Monday, 5 September 2011

Sometimes I Die

Sometimes I die,
I drop to a heap and I am at my feet and I have feet again and I walk on,
Like the world moves on from my death-lump; I walk on,
My death-light sends the shadows to my fore,
All in front of me
In shadow

Sometimes I die and I bring someone with me,
Someone I need to die properly, maybe heroically,
Beautiful women, poets, an enemy, someone to juxtapose,
My gravestone disguised as door, I’ll beckon them toward and tell them
‘I don’t think that we can go on anymore’,
And then down with the door, the hammer’s ‘no-more’,
The bottom floor,
The perfect murder

Sometimes I die after dieing,
A double-take thing where I jerk like a spring,
And I’m born

Sometimes I die without knowing,
I’ll look for my love or my song and I’ll find that it’s gone,
Replaced by a flower or something that dies, too, in times eyes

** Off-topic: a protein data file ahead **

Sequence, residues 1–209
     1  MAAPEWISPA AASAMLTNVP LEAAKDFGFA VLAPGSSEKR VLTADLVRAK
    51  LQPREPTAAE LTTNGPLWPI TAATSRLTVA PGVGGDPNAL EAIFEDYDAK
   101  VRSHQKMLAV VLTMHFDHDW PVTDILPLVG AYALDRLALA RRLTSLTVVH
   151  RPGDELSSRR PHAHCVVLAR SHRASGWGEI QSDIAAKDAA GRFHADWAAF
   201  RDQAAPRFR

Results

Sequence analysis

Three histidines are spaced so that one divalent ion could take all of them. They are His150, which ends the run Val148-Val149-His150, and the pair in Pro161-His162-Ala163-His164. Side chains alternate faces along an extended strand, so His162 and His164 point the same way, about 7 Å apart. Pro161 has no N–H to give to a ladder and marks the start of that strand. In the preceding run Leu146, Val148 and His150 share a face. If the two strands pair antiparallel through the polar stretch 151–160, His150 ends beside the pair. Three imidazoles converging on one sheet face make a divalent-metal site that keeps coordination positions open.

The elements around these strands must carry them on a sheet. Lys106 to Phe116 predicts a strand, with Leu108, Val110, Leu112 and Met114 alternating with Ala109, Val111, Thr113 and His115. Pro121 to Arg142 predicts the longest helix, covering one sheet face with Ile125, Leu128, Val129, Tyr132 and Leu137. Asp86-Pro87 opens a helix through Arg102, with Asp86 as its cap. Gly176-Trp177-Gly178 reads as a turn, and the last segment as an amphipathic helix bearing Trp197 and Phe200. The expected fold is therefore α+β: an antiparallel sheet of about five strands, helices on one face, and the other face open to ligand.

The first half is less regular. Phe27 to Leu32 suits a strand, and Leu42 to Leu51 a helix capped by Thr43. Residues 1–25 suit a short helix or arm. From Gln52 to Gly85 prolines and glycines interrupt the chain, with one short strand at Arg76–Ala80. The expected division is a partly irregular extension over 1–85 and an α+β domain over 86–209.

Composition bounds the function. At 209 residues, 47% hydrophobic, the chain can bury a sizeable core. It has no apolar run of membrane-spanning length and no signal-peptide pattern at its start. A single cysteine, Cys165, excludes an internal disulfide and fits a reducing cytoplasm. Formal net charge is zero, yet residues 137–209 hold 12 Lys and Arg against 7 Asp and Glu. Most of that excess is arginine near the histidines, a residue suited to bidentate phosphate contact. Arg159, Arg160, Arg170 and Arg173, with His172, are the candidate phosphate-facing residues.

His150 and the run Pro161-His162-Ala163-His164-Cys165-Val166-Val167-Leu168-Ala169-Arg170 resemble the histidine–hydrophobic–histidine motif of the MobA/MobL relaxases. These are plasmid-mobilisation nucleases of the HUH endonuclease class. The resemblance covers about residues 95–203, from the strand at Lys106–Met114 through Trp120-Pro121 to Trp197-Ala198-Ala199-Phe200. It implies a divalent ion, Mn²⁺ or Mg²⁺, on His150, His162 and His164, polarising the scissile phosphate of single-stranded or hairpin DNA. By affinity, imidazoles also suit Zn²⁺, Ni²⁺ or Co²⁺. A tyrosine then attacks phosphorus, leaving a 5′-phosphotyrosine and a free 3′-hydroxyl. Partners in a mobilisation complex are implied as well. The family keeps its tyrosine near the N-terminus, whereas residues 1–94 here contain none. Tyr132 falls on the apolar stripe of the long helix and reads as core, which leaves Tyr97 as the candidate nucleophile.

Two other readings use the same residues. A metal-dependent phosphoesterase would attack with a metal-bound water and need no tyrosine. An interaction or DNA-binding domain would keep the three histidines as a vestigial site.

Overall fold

Sometimes I find myself rotting somewhere,
Somewhere I haven’t been in a long time,
The end of the garden; the sweet shelf in Garvin’s,
I’ll see some old rag that I used as a flag,
My half-fleshed finger pointing in some old, extinct direction
From the moist and mildewed sleeve,
Or I’d hear the song of flies my body fed,
Get nostalgic and then miss myself
A great deal

Sometimes I save myself from dieing,
I see my eyes roll and the grasp of gravity vacuum me
From the arms of a good girl or from the hook of a God’s rod,
And I’ll give me what I need;
More time

Life goes on; perpetual periphery,
I stay still and leave the changes to the scenery,
The window of the train,
I’m forever on the train, crying, dying not to die until it stops
At some specific destination far from death

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